read descriptions of themselves doing something wrong, it activated both the part of their
brain associated with guilt and the part that deals with morality and what’s socially
appropriate. In people who’d been depressed, that second
part wasn’t activated as strongly. This was a small study, so we can’t draw
too many conclusions from it. But based on the results, the authors suggested
that people who are more prone to depression don’t get an accurate picture of what they
did wrong, so they just feel guilty about everything. So that’s one unhealthy thought pattern
that can cause symptoms beyond plain old sadness or apathy. Another is rumination. And it’s a big one. Rumination is, basically, brooding — usually
unintentionally. Part of problem-solving involves analyzing
the factors surrounding the problem, and that applies to negative emotional experiences,
too. But rumination takes that way too far. It’s getting stuck thinking about everything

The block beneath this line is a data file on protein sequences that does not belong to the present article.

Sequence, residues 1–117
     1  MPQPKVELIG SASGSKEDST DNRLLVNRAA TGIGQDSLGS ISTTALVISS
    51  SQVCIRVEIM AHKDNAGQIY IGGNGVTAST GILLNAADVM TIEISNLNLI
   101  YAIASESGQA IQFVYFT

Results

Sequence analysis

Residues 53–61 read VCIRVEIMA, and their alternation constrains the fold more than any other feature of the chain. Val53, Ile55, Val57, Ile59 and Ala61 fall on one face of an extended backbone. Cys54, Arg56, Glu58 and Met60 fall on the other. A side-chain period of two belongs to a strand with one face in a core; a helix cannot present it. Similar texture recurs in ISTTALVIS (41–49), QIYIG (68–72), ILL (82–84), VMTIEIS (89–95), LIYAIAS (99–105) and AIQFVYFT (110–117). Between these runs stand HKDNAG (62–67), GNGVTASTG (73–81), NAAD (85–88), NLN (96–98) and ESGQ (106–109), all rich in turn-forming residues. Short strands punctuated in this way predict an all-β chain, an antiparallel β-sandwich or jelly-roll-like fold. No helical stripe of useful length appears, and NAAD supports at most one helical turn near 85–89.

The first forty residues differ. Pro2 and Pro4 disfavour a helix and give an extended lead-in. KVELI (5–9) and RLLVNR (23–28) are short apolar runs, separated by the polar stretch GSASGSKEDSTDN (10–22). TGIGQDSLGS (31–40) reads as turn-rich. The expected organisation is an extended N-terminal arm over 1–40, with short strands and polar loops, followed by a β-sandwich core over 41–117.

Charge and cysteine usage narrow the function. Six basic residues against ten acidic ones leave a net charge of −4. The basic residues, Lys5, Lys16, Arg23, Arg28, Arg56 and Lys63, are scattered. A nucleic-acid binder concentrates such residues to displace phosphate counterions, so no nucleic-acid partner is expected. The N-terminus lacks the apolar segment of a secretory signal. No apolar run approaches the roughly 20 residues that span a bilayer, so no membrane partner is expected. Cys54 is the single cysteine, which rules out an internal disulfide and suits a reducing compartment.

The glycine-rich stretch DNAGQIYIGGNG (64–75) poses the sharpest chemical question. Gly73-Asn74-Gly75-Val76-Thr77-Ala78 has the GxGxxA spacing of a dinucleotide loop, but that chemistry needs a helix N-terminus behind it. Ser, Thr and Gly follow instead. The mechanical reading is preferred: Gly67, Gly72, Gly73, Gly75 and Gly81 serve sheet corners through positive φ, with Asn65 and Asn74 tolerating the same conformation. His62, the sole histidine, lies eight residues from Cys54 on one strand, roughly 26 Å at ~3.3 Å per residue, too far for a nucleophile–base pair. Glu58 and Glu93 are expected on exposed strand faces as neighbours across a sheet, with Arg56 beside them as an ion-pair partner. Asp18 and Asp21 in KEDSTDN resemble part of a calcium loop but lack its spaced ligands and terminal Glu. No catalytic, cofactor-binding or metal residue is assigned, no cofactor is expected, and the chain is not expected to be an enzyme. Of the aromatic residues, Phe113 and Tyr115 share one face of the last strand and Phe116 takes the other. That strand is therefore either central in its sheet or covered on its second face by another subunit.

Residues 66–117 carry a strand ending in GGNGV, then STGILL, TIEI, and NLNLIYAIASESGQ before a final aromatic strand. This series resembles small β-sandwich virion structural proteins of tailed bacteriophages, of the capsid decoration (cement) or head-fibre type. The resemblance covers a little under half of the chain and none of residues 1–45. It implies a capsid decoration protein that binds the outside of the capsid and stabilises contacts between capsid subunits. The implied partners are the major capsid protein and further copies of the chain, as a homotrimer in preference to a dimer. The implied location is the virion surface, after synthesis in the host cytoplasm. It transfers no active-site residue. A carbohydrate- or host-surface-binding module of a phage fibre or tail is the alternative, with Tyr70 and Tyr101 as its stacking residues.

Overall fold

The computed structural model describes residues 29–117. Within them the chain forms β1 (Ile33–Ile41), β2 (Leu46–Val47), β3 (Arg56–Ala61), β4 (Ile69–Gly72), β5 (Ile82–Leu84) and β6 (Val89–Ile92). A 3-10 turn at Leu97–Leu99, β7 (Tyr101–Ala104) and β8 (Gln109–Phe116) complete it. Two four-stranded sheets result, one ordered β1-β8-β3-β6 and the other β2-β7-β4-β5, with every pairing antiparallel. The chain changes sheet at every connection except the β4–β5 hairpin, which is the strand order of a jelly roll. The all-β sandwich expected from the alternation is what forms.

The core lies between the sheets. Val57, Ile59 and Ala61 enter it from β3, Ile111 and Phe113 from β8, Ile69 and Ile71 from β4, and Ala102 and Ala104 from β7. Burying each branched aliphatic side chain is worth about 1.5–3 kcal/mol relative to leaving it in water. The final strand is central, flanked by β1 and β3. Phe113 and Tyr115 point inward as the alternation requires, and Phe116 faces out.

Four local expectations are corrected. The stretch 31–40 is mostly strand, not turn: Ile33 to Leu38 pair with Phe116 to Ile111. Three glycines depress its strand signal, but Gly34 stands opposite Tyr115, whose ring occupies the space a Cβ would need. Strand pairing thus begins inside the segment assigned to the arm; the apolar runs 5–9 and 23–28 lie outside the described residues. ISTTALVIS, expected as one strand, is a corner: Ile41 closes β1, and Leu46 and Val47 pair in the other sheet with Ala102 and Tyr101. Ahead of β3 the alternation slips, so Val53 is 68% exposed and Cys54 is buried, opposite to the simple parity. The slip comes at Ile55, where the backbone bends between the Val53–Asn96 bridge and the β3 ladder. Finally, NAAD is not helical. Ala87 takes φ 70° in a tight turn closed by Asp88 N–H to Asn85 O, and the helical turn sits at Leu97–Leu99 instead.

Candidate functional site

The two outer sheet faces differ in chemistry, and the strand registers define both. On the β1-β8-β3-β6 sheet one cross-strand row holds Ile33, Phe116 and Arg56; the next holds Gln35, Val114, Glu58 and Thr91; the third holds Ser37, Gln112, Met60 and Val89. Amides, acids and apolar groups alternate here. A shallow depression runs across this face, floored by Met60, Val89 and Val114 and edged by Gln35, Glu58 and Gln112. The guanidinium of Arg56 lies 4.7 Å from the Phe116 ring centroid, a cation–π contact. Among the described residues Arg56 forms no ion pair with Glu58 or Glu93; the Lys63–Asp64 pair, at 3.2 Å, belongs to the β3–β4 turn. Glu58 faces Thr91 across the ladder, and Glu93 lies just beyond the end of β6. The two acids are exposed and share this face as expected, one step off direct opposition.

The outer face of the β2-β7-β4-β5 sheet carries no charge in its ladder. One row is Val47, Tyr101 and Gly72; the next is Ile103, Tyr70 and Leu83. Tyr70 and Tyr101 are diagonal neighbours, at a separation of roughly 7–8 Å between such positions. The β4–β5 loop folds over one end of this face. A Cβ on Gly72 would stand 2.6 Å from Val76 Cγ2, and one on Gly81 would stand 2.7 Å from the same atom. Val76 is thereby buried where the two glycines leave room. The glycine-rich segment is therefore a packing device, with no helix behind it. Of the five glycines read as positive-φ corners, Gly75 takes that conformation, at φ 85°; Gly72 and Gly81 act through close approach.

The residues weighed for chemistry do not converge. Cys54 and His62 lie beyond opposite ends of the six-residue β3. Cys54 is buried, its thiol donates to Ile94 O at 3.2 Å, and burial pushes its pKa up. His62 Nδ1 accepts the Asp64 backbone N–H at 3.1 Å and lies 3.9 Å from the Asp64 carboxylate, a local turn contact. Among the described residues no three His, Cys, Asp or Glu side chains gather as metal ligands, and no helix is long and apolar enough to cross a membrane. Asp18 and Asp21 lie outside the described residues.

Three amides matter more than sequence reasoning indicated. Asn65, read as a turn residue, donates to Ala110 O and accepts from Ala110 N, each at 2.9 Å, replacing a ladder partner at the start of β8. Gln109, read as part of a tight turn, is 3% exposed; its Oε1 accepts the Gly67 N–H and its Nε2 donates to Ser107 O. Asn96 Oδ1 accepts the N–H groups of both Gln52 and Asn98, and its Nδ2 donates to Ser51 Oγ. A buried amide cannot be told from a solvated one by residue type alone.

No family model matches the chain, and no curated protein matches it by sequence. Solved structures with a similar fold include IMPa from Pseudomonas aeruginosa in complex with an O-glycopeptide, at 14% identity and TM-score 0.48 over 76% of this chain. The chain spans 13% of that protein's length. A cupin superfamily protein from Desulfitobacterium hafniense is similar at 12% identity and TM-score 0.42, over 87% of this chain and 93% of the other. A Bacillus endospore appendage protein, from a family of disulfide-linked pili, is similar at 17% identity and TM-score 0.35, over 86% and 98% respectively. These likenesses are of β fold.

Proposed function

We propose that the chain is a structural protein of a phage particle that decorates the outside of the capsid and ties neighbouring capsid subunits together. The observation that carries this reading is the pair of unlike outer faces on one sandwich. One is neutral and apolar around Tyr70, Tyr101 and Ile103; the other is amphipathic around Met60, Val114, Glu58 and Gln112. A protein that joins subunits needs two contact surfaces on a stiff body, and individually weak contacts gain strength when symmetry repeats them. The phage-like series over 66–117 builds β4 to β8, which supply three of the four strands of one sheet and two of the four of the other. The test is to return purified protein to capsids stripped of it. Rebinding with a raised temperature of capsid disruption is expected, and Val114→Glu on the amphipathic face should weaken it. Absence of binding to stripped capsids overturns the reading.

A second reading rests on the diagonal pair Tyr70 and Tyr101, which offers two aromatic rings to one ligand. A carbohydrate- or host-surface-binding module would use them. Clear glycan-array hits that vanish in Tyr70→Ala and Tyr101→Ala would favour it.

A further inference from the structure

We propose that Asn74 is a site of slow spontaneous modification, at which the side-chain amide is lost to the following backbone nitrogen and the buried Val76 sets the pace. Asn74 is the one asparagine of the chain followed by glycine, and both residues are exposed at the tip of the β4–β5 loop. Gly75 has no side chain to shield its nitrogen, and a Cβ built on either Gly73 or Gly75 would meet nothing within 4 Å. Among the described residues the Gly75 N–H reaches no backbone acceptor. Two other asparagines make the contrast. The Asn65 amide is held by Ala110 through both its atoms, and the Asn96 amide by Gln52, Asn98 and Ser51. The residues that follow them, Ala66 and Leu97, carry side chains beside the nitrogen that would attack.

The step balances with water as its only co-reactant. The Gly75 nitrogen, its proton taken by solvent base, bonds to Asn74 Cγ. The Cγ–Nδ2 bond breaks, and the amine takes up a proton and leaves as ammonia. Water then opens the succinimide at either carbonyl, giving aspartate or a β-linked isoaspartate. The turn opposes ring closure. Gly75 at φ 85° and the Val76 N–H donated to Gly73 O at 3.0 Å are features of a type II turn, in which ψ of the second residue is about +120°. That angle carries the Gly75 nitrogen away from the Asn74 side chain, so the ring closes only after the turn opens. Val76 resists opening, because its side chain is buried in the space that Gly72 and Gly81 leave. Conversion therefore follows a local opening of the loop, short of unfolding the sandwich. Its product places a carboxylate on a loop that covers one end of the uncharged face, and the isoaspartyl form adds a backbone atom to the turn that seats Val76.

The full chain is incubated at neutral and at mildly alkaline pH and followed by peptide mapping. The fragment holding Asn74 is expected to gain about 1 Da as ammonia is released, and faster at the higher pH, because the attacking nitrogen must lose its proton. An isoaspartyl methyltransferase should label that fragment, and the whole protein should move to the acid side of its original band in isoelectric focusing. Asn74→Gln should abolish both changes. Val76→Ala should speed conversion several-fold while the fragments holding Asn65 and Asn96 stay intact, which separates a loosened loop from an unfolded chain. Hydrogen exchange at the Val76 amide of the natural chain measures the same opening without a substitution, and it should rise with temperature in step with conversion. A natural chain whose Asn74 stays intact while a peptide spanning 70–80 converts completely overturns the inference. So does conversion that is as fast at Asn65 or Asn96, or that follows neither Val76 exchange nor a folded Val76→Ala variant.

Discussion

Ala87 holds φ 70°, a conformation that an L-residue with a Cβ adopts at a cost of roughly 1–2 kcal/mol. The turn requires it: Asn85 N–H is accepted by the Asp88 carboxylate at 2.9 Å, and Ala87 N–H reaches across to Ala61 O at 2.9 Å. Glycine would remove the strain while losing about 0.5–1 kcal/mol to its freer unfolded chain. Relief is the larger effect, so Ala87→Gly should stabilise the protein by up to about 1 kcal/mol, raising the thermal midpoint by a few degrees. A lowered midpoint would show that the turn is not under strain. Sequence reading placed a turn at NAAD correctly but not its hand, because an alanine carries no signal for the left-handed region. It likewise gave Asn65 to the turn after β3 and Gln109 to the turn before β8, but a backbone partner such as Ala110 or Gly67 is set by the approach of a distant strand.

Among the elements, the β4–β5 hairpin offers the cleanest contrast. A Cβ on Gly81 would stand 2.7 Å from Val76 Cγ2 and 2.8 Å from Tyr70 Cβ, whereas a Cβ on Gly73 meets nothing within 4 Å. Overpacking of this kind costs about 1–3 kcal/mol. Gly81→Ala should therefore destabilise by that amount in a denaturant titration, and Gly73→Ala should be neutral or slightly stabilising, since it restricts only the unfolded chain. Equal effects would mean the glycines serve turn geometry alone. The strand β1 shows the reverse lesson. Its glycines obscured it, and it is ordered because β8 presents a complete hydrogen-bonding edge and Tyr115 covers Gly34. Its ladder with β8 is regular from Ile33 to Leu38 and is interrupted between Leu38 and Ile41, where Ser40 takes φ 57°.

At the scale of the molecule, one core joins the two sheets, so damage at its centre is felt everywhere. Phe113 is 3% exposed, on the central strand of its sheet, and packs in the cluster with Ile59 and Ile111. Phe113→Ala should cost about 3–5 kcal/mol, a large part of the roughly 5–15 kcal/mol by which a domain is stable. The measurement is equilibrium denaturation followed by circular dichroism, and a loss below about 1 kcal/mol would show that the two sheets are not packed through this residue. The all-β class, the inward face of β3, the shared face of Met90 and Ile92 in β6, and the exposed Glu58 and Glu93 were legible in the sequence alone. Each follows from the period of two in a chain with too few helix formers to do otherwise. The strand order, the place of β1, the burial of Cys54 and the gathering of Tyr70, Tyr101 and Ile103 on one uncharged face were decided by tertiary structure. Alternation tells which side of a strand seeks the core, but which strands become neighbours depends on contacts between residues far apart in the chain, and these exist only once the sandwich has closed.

that led to and resulted from a negative experience, and it’s strongly linked to both depression
and anxiety. It can also explain some of the less straightforward
signs of depression, like memory problems. Of all the symptoms of depression, memory
problems might seem the most surprising, because we tend to classify depression as emotional,
and memory as more a mechanical part of the mind. But this is just a false dichotomy, that’s
not how the brain works. Depressive disorders often include problems
with cognitive function: the ability to clearly understand, process, and respond to information. And researchers think that has a lot to do
with rumination eating up all your brainpower. You need cognitive resources to pay attention
and remember things, and when people with depression are using those resources to brood,
they have trouble redirecting them toward the task at hand. They end up struggling with episodic memory,